There are people that I know and respect that tell me that diet affects their RA symptoms. Most frequently they avoid eating certain things that seem to worsen their RA symptoms or can even cause a flare.
I’m not one of those people. I’ve never been able to come to a cause-and-effect of what I eat and how my RA reacts. That doesn’t mean that I haven’t tried. With the close link between our digestive and our immune systems, this seems to be a logical approach. I’ve removed things like gluten and sugar and alcohol. I’ve added things like turmeric and tart cherry juice and have even tried gin-soaked raisins (mainly because I like gin and I like raisins). But I haven’t been able to see a discernible difference.
76 percent of us report no connection between diet and RA...
Turns out, I’m not alone. A recent survey published by Arthritis Care & Research (published by the American College of Rheumatology) and reported in MedPage Today, indicates that about 76 percent of us also report no connection – either improvement or worsening of symptoms.
But that means that 24 percent of us do.
The survey asked 300 participants about their symptom response to a list of 20 “inflammatory” and “anti-inflammatory” foods. Foods considered "inflammatory" included red meat, tomatoes, eggplant, peppers, diet soda, and beer, while fish, blueberries, strawberries, spinach, red wine, and chocolate have been popularly described as "anti-inflammatory." (If anyone is doing testing on red wine and chocolate, I’d be happy to volunteer!)
This was a survey of patients. It wasn’t medically scientific in that they didn’t examine patients, have them eat specific foods, then re-examine them or do extensive lab tests. They simply asked RA patients how the foods affected their symptoms. It’s doubtful that all of the patients ate all 20 foods on the list so the answers are no doubt skewed a bit toward the more popular/accessible items. All this being said, the 300 respondents are enrolled in the Brigham RA Sequential Study, so there is every reason to have confidence in their answers. There were additional questions about lifestyle (exercise, sleep, etc.) and things like vitamin supplements, but the main focus was on how food connected to RA symptoms.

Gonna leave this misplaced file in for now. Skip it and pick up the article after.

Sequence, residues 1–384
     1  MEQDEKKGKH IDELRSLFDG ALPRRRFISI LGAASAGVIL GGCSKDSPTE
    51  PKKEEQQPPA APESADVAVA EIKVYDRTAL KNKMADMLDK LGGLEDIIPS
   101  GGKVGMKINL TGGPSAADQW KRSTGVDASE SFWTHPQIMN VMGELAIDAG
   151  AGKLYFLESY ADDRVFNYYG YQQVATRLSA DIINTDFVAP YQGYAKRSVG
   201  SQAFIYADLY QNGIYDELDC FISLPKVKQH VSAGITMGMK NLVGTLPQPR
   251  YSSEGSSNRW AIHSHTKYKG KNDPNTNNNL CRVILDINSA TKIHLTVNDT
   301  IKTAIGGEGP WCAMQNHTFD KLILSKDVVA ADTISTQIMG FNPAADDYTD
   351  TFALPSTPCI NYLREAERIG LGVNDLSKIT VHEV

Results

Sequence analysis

Blueberries and Fish
Interestingly (at least to me), the food most associated with improving symptoms was blueberries (11.1 percent), followed closely by fish (10.9 percent). The two foods most associated with worsening symptoms were sugar related with sugar-sweetened soda (12.7 percent) and desserts (12.4 percent). Another interesting result was that less than five percent reported caffeine affecting their symptoms. There is conflicting information on whether caffeine interferes with methotrexate, but for someone like me who uses methotrexate and drinks a moderate amount of caffeine, this anecdotal data is encouraging.
The most overwhelming result had nothing to do with food at all. More than 80 percent of the patients said that regular exercise and sleeping well helped improve symptoms.
My takeaway on all of this?
We all know that a well-balanced diet helps our overall health in numerous ways. Based on this survey, about one-quarter of us are more sensitive than others when it comes to specific foods affecting their RA symptoms (good or bad). Food is one of the easiest things to modify in your treatment plan. You’re the expert in your body and how you feel and taking control of your diet empowers you to make positive changes in your life.
And always, before you go too far off the reservation, discuss changes in your diet with your doctor. It’s well known that many foods (such as the innocuous grapefruit) can interfere with medications.
How often you do experience an unexpected boost of energy?